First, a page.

Mayor Bill de Blasio: This morning, I’m going to speak very plainly about what is happening in this country, in this city, and it begins with an acknowledgment that there is a poison in this land, there is something profoundly wrong, and in so many ways we pretend to see it, pretend to address it but we don’t do it in a deep and meaningful way. And that’s why we are experiencing everything we are experiencing. There is a poison of structural racism. It haunts the lives of people of color every day in this country, in this city – every day. And I want to speak as someone who acknowledges my own reality as a white male, acknowledges that privilege, acknowledges that I can only understand so much. But I know enough to say that for so many people of color and particularly members of the Black community. Every day is pervaded by racism, that hatred lurks around the corner at all times. From the moment people become conscious of the world around them to the day they leave they know racism as a constant, as a weight, as a pain. And that anger and frustration, the fear, the confusion that comes with that is part of people’s lives, that must be expressed and acted on because you just have to acknowledge we can’t go on like this. And I’m talking to everyone but I am particularly talking to white New Yorkers to say we can’t go on like this.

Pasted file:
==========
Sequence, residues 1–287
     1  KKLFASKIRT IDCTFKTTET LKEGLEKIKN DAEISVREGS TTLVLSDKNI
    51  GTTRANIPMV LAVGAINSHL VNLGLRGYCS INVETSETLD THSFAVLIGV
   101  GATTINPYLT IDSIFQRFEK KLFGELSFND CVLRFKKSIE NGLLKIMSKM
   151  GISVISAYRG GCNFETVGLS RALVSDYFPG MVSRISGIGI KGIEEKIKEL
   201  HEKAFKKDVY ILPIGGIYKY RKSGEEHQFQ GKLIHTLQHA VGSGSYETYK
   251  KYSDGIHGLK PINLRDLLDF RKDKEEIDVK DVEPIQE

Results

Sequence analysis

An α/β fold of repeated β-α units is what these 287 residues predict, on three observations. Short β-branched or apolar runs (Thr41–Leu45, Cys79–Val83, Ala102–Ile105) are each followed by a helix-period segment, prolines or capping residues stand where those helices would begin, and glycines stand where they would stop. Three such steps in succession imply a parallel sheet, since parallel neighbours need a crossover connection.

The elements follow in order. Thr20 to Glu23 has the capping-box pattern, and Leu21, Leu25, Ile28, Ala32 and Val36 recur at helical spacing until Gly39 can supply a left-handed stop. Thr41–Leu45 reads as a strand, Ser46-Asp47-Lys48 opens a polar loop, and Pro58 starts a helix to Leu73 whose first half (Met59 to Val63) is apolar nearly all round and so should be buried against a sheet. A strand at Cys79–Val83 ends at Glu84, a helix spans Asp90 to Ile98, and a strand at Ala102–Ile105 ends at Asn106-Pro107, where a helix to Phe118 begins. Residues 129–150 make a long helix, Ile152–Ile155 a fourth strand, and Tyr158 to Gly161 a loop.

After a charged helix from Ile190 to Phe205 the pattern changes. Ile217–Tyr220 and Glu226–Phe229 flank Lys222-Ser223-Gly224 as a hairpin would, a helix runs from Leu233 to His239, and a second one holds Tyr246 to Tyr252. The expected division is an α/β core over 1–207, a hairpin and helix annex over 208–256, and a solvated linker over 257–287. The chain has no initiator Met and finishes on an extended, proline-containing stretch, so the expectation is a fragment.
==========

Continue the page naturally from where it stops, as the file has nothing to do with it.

We can’t have so many of our fellow New Yorkers live in pain throughout their lives, and then have that pain deepened over and over and over again. So, let’s be clear, the coronavirus crisis has created a depth of pain that still has not been accounted for. So many New Yorkers have lost someone but that is particularly true in communities of color and particularly true in the African American community. That loss, that loss is being felt so deeply because everyone knows it’s not based on equality, it wasn’t that everyone lost the same way, communities of color lost so much more. When I walked through Queensbridge Houses in Queens on Monday, I heard the most painful stories of people who had lost loved ones and could not even mourn them because of this crisis. And the fact that I heard story after story after story in just one walk-through, one housing development, spoke volumes about how much pain there is out there and then you add the horrible insult of that video of Amy Cooper – the epitome of American white racism in one video, her allegation being, her indictment being that there was a Black man in her midst. Literally criminalizing the very act of being a Black man. That’s what we saw before our eyes and it brought up, for so many people, the fundamental contradiction that pervades our society, that until we heal it we can’t move forward. We just can’t. It will just tear at us and tear at us.
And then the entire nation watches George Floyd killed in broad daylight by someone who is supposed to protect us with no concern at all, his killer seemed to have no emotion about the fact that he was killing a Black man as if there was no value in that man. And unfortunately, that’s what the history of this country has taught too many people and we have to stop it. So, I’m beginning by saying that raw pain, anger, frustration it gets brought up so deeply in moments like this but it’s an every day, every hour thing for Black New Yorkers, for Latino New Yorkers, for so many people who deal with the pain of racism, pervasive in their lives.